A nurse wearing a lanyard.
- An example of a lanyard is a thin rope used for tying life vests to the inside of a boat.
- An example of a lanyard is the cord that hangs around a person's neck for holding a name badge.
- a short rope or cord used on board ship for holding or fastening something
- a cord worn around the neck, as by sailors, from which to hang something, as a knife, whistle, etc.
- a cord with attached hook, for firing certain types of cannon
Origin of lanyardaltered (infl. by yard) from Middle English lanyer from Middle French laniere from Old French lasniere from lasne, noose, earlier nasle from Frankish an unverified form nastila, a cord, lace, diminutive of Germanic an unverified form nast- from Indo-European base an unverified form ned- from source Classical Latin nodus, knot
- Nautical A short rope or gasket used for fastening something or securing rigging.
- A cord worn around the neck for carrying something, such as a knife or whistle.
- A cord with a hook at one end used to fire a cannon.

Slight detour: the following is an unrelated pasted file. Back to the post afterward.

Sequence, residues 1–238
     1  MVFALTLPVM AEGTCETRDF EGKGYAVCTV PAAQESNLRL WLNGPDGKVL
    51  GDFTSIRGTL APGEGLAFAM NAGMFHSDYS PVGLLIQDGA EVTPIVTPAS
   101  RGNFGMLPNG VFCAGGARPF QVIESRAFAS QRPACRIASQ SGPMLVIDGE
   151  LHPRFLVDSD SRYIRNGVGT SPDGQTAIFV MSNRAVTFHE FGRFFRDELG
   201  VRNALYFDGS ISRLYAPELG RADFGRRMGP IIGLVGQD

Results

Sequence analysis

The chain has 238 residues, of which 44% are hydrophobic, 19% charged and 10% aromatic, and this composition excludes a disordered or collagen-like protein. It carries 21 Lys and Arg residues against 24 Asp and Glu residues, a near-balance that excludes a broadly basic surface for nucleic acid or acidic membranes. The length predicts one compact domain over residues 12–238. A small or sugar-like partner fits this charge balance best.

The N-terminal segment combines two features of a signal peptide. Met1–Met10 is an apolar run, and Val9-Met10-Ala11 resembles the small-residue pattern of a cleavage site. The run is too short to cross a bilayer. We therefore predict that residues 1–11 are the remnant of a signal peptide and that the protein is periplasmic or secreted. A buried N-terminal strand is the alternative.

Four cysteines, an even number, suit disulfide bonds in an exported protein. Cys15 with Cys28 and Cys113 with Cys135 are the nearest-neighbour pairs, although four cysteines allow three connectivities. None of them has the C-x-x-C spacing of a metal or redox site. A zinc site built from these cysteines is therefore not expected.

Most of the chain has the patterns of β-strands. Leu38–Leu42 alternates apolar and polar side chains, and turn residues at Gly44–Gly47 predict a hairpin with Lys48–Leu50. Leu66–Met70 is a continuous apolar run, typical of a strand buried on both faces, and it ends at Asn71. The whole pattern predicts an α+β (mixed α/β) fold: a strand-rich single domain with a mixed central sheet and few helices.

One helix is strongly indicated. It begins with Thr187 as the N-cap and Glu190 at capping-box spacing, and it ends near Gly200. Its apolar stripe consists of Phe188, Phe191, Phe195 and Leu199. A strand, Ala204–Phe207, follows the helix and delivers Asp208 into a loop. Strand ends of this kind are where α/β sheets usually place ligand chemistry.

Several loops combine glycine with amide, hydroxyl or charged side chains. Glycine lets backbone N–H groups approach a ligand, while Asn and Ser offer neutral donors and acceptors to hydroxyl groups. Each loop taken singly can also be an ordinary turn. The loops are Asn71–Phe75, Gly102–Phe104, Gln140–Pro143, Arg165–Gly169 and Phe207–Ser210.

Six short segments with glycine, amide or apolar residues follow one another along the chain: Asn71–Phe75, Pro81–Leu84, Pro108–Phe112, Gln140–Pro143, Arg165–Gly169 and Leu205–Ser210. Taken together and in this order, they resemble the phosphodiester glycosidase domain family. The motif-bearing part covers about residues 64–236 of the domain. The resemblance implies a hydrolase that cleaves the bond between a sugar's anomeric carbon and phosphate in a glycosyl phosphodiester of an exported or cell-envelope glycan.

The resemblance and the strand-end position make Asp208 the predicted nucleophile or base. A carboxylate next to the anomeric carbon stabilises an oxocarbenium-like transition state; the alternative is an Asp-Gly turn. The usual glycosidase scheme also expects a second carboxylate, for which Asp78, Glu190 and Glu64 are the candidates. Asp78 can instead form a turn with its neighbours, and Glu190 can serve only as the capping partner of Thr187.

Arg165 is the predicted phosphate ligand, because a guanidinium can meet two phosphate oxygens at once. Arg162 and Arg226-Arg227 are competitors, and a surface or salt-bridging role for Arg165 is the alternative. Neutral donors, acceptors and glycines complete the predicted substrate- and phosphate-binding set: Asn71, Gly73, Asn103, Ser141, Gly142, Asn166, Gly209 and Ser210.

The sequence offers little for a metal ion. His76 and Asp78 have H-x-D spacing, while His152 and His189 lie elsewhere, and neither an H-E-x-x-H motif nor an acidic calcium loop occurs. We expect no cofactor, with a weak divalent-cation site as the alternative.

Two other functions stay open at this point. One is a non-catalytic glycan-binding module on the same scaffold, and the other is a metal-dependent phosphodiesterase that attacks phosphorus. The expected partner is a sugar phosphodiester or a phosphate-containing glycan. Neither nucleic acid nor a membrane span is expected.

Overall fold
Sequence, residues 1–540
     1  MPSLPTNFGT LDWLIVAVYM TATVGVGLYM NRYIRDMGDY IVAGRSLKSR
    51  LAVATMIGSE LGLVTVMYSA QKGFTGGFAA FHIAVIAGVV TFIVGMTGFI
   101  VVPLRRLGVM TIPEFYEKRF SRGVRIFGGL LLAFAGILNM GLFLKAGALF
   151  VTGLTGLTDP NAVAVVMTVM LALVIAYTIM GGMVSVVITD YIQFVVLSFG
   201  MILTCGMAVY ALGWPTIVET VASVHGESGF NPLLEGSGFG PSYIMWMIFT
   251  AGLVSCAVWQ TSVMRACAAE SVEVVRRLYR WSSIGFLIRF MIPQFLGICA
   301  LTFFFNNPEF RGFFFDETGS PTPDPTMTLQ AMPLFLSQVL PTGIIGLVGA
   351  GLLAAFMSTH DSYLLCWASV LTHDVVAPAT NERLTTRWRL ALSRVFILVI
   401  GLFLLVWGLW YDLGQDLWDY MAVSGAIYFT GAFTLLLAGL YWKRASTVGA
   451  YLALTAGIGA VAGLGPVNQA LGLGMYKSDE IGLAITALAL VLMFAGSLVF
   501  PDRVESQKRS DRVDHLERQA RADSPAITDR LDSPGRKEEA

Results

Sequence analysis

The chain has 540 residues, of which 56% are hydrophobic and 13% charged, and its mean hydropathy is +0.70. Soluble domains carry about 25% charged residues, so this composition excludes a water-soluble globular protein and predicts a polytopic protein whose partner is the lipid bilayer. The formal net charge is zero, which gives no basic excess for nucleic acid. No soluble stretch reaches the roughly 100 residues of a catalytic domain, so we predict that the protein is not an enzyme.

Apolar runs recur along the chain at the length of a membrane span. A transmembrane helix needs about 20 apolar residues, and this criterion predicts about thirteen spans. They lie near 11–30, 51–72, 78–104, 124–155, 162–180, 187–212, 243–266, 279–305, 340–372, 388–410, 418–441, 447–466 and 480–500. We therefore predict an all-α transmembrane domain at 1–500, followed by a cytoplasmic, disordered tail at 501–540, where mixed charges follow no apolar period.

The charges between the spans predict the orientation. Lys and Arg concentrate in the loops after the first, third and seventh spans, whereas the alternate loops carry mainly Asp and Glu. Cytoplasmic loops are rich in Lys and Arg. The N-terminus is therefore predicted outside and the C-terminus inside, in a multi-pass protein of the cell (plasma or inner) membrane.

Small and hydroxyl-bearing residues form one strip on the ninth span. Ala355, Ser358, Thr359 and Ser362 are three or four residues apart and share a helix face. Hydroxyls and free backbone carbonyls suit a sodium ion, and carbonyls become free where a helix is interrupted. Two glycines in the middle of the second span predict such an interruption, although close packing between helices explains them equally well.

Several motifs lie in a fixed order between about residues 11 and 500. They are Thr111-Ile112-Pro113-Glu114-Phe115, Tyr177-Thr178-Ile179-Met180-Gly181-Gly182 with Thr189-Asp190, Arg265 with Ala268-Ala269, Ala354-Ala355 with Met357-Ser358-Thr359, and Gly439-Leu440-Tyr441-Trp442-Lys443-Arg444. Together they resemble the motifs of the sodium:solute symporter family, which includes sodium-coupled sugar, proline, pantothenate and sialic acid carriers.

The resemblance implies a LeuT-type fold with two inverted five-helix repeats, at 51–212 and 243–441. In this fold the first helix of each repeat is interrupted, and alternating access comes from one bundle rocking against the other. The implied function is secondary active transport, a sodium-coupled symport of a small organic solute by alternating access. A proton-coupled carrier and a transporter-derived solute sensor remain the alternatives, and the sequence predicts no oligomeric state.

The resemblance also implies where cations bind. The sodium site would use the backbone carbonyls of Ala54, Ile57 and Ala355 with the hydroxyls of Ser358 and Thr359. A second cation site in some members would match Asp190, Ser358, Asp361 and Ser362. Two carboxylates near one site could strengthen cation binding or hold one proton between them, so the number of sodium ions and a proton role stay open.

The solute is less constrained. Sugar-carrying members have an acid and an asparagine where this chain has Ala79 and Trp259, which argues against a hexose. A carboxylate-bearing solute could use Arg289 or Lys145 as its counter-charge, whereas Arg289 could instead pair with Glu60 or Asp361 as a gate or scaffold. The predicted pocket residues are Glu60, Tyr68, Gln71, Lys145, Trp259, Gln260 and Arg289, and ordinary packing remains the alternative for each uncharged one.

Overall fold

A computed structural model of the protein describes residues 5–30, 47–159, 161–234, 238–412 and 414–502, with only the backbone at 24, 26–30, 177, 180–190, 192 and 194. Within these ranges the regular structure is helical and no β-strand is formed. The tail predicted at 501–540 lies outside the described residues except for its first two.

Origin of lanyardPerhaps alteration (influenced by yard 1 spar ) of Middle English lainere strap from Old French laniere from lasne perhaps alteration ( influenced by las string ) of nasle lace of Germanic origin
From Middle English lanyer, from Middle French laniere, from Old French lasniere (“thong, lash"), from lasne (“strap, thong"), alteration of nasle (“strap, thong"), from Frankish *nastila (“tie, headband"), from Proto-Germanic *nastilÅ (“tie, thread, strap"), from Proto-Indo-European *nedh- (“to tie together"). Cognate with Old High German nestila (“band, headband, strap"), Old English nosle, nostle (“band, brace, headband"), Old Norse nesta (“brace, strap, fastener"), German Nestel (“string, strap, lace").